Yard obviously intended to use Grinnell's article as a bureaucratic shield. "Otherwise," he admitted, "news of the destruction of squirrels in the Yosemite would be altogether misunderstood," resulting in "unjust criticism" of the Interior Department. "I must insist," Grinnell replied, elevating science above politics, "that the amount of actual data as yet in hand concerning the gray squirrels is not sufficient to warrant any such emphatic statements against it." Perhaps by the conclusion of his fieldwork in Yosemite "something" more substantive would have been found. "We must have the facts," he declared emphatically, then added an even more significant revelation. "My field experience already this summer is bringing about revision of opinion in a number of other respects, and it may modify decidedly my 'theories' as well as the impressions of others in regard to the extreme perniciousness of the gray squirrel." [9]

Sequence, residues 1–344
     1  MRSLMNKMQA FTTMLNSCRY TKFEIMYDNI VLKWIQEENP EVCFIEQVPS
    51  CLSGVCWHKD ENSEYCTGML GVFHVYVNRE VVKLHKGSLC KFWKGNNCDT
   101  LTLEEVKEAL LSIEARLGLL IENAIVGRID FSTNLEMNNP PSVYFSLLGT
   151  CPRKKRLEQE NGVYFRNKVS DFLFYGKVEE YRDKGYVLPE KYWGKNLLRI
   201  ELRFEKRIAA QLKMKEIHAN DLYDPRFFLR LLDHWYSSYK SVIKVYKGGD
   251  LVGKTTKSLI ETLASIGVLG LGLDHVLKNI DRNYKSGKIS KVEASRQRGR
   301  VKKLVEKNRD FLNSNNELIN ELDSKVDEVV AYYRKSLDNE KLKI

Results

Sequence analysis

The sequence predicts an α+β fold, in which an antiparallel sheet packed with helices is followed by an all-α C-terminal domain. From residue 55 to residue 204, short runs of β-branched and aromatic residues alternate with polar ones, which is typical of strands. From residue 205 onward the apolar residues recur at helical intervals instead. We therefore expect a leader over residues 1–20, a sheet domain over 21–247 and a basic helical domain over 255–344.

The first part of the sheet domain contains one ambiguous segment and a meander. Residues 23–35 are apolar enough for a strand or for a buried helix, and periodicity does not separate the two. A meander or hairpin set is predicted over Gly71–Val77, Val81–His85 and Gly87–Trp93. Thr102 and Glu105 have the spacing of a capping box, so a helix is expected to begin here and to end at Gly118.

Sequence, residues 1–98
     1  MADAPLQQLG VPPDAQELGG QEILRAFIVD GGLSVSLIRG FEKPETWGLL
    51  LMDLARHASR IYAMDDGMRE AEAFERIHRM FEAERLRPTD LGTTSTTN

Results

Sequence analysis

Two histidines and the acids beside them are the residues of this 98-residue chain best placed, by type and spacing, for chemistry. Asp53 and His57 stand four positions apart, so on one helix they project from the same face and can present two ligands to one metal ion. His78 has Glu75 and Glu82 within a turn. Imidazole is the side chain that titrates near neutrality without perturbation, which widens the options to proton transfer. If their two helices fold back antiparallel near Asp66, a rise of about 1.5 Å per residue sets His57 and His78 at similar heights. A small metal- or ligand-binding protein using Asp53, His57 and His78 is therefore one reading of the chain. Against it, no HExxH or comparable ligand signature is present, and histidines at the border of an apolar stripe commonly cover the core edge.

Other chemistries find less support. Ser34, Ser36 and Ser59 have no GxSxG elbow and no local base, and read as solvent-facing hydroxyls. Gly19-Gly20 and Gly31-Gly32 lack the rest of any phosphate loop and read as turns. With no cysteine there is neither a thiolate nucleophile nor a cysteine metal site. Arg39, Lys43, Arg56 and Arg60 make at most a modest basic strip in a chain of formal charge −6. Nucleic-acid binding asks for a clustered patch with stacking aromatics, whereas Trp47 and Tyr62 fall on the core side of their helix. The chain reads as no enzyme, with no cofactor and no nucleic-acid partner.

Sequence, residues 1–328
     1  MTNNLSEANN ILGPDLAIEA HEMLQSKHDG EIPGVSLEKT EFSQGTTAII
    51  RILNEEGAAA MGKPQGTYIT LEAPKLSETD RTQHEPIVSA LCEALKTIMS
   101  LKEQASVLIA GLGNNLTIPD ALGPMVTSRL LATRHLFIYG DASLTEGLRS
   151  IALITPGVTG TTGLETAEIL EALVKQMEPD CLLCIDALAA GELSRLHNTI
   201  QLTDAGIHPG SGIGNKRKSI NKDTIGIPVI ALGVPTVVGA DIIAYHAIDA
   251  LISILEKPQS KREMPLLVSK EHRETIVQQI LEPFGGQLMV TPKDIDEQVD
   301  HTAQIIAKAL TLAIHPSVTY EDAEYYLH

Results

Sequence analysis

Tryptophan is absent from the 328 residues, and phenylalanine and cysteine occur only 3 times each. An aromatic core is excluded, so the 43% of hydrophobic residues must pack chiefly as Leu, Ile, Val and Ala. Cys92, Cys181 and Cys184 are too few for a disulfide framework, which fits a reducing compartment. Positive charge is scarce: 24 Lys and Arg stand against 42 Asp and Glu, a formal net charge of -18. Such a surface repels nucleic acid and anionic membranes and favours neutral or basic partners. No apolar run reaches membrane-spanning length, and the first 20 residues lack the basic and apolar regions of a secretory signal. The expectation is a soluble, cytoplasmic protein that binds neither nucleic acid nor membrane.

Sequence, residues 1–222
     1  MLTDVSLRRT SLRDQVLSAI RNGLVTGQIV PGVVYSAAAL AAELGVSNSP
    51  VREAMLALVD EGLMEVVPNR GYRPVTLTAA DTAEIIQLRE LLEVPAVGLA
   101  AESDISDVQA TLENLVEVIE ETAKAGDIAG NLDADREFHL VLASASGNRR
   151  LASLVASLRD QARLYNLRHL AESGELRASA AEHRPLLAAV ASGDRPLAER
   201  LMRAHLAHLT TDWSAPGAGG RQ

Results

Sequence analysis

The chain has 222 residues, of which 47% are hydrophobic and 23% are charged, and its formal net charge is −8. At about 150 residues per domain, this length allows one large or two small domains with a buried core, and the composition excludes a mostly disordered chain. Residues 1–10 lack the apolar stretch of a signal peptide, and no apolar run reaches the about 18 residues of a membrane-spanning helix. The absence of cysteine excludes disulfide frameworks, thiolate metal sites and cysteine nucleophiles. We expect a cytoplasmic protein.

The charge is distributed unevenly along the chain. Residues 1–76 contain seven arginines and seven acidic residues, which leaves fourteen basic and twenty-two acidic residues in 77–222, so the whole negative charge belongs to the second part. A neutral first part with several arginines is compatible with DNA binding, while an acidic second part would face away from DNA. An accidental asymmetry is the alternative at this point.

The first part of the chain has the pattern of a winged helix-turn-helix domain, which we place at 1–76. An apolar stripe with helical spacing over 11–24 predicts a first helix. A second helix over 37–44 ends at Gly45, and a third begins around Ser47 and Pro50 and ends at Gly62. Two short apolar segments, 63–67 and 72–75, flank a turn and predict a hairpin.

Neither Grinnell nor Yard could have foreseen that just five years later, in a strange twist of irony, a devastating epidemic would practically wipe out Yosemite's gray squirrel population. Virtually overnight, debate about their abundance turned into universal concern about their chances for recovery. Meanwhile, Grinnell had long since made a convincing case for rethinking existing prejudices about squirrels as enemies of birds. A more scientific and less emotionally charged terminology held that birds and squirrels might compete at times for the same sources of food. "I am sure I do not wish to bring any unmerited punishment upon the gray squirrel," Yard confessed, acknowledging his enjoyment of its presence at his "home place in New Jersey." Granted too, the birds apparently were not being harmed. There simply was "a fairly prevalent belief all over the United States," he argued, still defending his prejudice, "that squirrels destroy birds' eggs." As a result, whatever the professor found would undoubtedly "prove most interesting and valuable." [10]